Surrogacy, Pregnancy, and Postpartum Recovery

Published on Thursday September 23rd, 2021 by WCS

Gestational surrogacy is an incredibly rewarding way to support couples and individuals struggling with infertility. If you are considering this path, you’re probably wondering how exactly gestational surrogacy works, before, during, and after pregnancy.

To answer any questions and concerns you may have, we’ll walk you through the surrogate process and help you prepare for this remarkable journey.

Embryo Transfer

In gestational surrogacy, there is no genetic relationship between the surrogate and the fetus, meaning the embryo is first created through in-vitro fertilization (IVF), using the sperm and egg of either the intended parents or third-party donors. When the embryos are ready to be transferred, they are then inserted into the surrogate’s uterus. The procedure is quick and easy, taking approximately 15 minutes and requiring no need for anesthesia. You will be monitored for up to an hour post-transfer, and could possibly require bed rest or modified activity to aid successful implantation.

Pregnancy & Delivery

Once you are confirmed to be pregnant, you will continue to visit the IVF physician for blood tests and vaginal ultrasounds. At approximately 10 -11 weeks of pregnancy, you will visit your OB/GYN for regular check-ups. Throughout this time, you will communicate regularly with your intended parents, either online, on the phone, or in person. The particular arrangement you have will be agreed upon by all parties during the matching process. This is an exciting time for both you and your intended parents, as you both get to celebrate all the big and little milestones of pregnancy.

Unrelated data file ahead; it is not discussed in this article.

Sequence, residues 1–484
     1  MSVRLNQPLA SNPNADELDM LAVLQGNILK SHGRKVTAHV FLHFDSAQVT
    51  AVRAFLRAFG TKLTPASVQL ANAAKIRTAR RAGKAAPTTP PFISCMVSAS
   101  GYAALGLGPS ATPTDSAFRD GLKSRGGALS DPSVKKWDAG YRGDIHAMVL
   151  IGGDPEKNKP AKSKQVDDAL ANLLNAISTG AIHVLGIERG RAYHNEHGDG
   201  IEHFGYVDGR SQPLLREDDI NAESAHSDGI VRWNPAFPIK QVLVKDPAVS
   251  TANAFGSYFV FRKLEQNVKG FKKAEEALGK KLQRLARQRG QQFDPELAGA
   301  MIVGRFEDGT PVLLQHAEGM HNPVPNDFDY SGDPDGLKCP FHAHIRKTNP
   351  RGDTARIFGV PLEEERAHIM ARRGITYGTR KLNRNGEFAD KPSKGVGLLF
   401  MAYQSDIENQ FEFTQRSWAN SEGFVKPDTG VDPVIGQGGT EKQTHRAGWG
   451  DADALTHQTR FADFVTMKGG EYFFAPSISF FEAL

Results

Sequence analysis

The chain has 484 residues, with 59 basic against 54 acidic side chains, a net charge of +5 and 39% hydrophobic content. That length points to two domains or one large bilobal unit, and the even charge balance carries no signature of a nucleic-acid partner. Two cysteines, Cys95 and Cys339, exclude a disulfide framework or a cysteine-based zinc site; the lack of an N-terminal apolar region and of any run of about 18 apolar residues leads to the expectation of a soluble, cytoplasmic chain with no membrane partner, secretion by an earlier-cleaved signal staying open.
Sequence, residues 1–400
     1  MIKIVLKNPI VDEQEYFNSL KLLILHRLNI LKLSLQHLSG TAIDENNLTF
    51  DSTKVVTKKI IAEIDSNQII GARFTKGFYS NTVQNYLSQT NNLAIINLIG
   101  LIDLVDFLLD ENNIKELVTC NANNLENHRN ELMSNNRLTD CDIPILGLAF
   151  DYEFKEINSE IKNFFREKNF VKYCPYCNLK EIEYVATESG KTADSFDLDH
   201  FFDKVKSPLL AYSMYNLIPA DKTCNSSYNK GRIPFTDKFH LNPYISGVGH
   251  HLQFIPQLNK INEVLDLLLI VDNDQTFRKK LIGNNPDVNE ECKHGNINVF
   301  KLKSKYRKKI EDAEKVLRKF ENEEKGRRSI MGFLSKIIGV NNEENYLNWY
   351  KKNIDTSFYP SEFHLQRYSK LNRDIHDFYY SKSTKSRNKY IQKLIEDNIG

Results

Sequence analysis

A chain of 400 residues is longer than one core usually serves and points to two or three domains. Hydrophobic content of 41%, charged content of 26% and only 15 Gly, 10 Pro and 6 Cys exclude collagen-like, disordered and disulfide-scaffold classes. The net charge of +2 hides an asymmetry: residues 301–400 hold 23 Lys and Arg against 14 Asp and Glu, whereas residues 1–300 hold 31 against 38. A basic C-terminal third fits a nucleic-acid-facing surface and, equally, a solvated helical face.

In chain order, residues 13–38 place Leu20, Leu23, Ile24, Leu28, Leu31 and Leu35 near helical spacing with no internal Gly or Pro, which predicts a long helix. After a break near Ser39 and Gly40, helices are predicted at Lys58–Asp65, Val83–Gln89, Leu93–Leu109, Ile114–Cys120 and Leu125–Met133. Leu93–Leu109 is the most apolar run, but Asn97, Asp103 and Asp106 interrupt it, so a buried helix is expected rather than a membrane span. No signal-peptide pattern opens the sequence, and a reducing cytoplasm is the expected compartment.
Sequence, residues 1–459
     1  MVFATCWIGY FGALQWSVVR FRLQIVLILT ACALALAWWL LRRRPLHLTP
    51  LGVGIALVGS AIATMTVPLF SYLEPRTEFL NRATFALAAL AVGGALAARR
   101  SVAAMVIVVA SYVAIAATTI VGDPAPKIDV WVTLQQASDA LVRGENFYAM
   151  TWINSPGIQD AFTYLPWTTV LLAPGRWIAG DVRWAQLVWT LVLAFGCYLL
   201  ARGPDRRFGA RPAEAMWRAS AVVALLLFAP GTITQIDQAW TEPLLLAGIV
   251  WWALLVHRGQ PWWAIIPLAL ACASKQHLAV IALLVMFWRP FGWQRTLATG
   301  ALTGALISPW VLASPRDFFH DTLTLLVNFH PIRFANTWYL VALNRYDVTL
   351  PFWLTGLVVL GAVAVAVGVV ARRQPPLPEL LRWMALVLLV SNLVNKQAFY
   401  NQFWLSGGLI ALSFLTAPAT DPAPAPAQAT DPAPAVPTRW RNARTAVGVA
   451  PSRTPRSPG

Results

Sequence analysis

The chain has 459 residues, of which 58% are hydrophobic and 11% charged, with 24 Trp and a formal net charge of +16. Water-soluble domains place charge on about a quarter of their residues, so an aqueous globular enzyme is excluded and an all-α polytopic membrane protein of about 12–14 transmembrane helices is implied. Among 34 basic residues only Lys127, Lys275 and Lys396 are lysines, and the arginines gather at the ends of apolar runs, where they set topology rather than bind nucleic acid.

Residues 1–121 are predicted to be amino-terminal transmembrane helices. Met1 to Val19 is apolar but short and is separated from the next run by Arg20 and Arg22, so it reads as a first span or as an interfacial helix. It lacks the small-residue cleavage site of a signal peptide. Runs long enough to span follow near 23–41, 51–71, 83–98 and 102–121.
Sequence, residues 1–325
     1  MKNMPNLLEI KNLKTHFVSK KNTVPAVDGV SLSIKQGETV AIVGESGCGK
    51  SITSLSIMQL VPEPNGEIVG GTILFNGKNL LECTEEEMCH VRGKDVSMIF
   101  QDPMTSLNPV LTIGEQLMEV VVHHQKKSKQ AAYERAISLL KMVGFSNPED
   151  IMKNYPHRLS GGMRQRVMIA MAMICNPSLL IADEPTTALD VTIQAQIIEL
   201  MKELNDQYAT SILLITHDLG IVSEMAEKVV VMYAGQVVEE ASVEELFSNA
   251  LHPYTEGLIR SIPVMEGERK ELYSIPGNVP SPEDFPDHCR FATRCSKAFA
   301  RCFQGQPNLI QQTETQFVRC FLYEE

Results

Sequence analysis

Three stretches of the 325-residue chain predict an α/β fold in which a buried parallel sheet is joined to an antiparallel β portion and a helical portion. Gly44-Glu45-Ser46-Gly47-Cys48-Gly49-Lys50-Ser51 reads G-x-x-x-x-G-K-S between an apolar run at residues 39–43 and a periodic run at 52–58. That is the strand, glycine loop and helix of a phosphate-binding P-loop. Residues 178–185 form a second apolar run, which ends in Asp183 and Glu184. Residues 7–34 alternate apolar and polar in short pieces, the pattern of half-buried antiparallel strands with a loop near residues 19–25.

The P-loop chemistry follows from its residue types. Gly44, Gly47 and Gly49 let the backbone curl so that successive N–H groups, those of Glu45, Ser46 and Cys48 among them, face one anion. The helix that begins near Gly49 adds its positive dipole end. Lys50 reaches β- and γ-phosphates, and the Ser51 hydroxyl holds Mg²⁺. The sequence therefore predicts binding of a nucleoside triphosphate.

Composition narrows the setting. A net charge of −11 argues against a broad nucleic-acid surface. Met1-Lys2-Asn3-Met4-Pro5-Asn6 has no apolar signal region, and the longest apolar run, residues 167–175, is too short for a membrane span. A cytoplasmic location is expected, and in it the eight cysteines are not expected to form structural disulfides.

Aside from the fact that the child you carry is not your own, your pregnancy and delivery will be medically similar to your own pregnancy and delivery experience. Typically, the intended parents are present for the delivery and this moment is a highlight in the surrogacy process.

Postpartum Recovery

After pregnancy and childbirth, your body will be going through both physical and hormonal changes as it returns to its pre-pregnancy state. Symptoms of these changes may include:

  • Abdominal pain (caused by the shrinking of the uterus)
  • Constipation
  • Hemorrhoids
  • Perineum soreness
  • Vaginal bleeding and discharge
  • Fatigue

Pregnancy and childbirth are incredibly demanding of the body, so make sure to stay attentive to these changes and give yourself the time and opportunity to heal. You’ve just done something amazing and now it’s time for you to relax and reflect on the experience.

With fluctuations in hormones, the postpartum period can sometimes be emotionally challenging for some women and being a surrogate can often add to these complex feelings. It’s completely natural and common to experience a tidal shift of emotions in the days and weeks following a surrogate pregnancy. If you feel that you need a little extra help during this time, do not hesitate to reach out for counseling or other resources. If you need help finding the right resource, your surrogacy agency can help you.

Learn More

Helping someone achieve their dreams of having a family is an incredibly selfless and generous act. If you are interested in becoming a gestational surrogate in California and want to learn more, contact West Coast Surrogacy today.

blog comments powered by Disqus